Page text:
I've been looking at bulldogs for longer than I care to remember, but damned if I can see how they're supposed to look like bulls. To me, they've always resembled decaying watermelons. What's the connection? And speaking of animals (deft segue, huh?), whence comes the expression "crocodile tears"? From crocodiles, no doubt, but a little elaboration would be appreciated.
Mike K., Los Angeles
Bulldogs are the product of centuries of selective breeding, but the goal was fighting ability, not good looks. The name doesn’t come from any resemblance to a bull, but refers instead to the bulldogs’ mission in life — they were bred to attack and maim bulls in a popular spectator sport of the Middle Ages known as “bull-baiting.” The dog’s assignment was to sink his teeth as far into the bull’s nose as he could and hold on. The bull would counter by attempting to disembowel the dog. The winning dog was the one who managed to hold on the longest. The owners of the dogs, naturally, would pay a service charge to the bull’s manager to cover wear and tear.
The sportsmen of the Middle Ages bred their dogs to conform to the requirements of the game. Short, squat dogs were favored because they were harder to tackle than the more willowy breeds. The bull owners, for their part, preferred dogs with short teeth, so the bull’s snout wouldn’t suffer excessive damage. But the real advantage of the bulldog lay in the shape of the head. Ordinary dogs had a problem: the bull’s nose would swell when bitten, often to the point where the ballooning flesh would block the dog’s nostrils — and when you’re choking, it’s hard to maintain a grip on an irritated bull. The bulldog’s nose, though, is turned up and set back a bit from the teeth, affording plenty of breathing space between the jaws and the expanding bull snout.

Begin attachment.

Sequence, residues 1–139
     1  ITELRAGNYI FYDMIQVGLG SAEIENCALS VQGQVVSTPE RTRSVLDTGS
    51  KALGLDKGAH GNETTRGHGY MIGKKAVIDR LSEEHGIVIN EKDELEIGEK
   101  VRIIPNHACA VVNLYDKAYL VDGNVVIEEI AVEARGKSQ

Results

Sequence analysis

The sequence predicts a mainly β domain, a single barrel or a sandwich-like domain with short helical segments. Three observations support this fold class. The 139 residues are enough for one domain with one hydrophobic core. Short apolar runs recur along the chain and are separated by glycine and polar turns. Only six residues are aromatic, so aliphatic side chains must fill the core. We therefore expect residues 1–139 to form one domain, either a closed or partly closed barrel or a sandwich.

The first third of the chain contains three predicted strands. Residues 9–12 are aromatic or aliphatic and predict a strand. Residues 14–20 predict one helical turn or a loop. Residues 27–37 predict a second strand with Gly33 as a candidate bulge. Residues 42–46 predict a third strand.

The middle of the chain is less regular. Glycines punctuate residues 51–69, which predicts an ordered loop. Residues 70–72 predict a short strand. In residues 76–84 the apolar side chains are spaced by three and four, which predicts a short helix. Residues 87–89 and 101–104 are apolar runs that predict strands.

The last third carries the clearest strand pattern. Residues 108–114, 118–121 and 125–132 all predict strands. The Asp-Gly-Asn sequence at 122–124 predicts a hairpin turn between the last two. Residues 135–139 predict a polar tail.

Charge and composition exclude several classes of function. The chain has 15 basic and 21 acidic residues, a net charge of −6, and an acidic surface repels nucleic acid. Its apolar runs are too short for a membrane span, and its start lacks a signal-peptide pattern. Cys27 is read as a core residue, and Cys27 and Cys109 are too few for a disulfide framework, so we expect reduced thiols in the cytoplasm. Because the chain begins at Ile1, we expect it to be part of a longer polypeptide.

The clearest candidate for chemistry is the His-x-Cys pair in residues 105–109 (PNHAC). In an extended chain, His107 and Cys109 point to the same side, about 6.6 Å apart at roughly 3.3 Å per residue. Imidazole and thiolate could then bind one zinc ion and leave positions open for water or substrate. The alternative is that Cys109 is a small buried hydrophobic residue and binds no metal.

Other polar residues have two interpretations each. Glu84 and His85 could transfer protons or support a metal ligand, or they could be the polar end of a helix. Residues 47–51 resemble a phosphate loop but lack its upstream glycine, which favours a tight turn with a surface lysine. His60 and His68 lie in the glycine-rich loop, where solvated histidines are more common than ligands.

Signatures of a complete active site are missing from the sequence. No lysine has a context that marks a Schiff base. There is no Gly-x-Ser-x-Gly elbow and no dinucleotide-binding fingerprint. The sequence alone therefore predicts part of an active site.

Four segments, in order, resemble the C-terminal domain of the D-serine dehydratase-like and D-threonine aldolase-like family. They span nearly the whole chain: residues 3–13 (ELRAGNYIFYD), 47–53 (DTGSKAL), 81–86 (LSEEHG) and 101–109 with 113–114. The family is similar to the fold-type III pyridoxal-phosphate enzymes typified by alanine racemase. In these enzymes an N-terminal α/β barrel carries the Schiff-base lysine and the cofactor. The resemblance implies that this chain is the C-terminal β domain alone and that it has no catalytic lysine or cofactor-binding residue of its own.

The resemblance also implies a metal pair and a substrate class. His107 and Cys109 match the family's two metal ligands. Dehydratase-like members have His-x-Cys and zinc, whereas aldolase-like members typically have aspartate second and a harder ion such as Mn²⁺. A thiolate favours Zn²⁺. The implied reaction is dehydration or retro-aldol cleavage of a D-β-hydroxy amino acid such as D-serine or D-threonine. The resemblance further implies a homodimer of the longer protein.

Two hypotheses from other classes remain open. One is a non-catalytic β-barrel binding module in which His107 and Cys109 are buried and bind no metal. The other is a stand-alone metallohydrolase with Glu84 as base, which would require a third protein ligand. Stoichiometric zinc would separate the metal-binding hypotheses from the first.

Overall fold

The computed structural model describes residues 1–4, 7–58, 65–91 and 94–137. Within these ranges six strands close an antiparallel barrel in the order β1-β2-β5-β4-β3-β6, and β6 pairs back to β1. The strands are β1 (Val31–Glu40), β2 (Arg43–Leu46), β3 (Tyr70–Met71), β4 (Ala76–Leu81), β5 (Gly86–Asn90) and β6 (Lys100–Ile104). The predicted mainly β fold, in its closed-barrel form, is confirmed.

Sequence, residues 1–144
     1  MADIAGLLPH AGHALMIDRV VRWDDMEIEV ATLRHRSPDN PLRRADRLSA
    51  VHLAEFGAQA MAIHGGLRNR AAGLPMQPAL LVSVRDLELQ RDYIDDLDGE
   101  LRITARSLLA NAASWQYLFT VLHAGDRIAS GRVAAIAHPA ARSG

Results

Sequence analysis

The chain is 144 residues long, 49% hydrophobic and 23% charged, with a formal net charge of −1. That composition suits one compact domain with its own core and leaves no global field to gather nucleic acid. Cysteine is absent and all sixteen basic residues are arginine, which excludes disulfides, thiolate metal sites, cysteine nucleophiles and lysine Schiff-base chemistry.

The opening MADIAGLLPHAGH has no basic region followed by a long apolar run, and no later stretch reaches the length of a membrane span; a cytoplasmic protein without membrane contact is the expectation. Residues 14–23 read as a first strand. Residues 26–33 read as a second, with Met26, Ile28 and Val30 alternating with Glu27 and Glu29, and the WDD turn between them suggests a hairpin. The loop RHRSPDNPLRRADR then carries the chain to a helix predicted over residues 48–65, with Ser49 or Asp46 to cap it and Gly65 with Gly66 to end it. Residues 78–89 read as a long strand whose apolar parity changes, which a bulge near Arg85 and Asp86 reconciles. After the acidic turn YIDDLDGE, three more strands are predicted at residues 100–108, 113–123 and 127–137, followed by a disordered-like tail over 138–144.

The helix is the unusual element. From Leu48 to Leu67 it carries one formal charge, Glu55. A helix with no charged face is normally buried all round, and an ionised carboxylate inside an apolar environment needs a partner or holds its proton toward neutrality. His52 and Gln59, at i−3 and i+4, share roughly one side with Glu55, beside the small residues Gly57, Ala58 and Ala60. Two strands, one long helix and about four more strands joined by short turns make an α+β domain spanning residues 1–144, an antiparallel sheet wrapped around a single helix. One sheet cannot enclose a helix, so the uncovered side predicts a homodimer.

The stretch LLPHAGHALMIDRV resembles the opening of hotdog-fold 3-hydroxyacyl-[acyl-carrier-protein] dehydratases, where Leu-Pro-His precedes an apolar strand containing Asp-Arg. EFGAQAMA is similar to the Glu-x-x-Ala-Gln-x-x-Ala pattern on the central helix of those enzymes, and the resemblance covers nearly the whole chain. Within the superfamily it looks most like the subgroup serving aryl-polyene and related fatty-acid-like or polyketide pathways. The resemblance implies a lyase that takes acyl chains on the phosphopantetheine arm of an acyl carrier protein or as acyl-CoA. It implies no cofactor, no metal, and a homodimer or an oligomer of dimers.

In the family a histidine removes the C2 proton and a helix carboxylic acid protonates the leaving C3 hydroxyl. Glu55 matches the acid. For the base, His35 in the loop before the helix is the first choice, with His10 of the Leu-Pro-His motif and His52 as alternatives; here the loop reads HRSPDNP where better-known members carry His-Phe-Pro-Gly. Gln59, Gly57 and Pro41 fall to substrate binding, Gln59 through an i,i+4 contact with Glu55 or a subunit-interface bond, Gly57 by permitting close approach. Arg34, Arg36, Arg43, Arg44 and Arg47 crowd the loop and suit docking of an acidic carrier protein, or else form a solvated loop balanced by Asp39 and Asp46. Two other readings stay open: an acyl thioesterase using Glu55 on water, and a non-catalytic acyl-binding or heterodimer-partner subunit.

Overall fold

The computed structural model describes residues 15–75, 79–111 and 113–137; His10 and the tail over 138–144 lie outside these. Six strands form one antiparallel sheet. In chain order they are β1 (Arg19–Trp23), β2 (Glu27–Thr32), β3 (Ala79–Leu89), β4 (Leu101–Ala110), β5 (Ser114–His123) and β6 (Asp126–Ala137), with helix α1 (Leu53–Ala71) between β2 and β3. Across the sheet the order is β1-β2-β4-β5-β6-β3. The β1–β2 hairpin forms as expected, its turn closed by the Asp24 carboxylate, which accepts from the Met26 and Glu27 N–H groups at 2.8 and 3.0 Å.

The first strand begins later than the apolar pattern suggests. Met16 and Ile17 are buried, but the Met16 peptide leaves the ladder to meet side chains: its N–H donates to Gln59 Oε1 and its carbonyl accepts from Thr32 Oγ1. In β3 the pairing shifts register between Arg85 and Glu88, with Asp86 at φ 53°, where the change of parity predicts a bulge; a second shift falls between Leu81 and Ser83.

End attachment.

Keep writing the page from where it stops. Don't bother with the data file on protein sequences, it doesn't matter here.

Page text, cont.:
As for “crocodile tears,” crocodiles, it seems, actually do cry, not because of their sensitive natures but in order to lubricate their food. The tears run from the eyes down into the mouth and throat, softening whatever the croc has taken a bite of and easing it down the chute. The tears were often confused with a show of emotion in the first accounts of the animals to reach England. Sir John Mandeville writes, “In many places of Inde are many crocodiles — that is, a manner of long serpent. These serpents slay men and eat them weeping.” Another writer, Edward Topsell, passes along a more cynical intepretation: “There are not many brute beasts that can weep, but such is the nature of the crocodile that, to get a man within his danger, he will sob, sigh, and weep as though he were in extremity, but suddenly he destroyeth him.” It was Topsell’s version that was adapted by Shakespeare, Spenser, and other poets as a metaphor for an insincere show of feeling, and from there the expression entered common currency.
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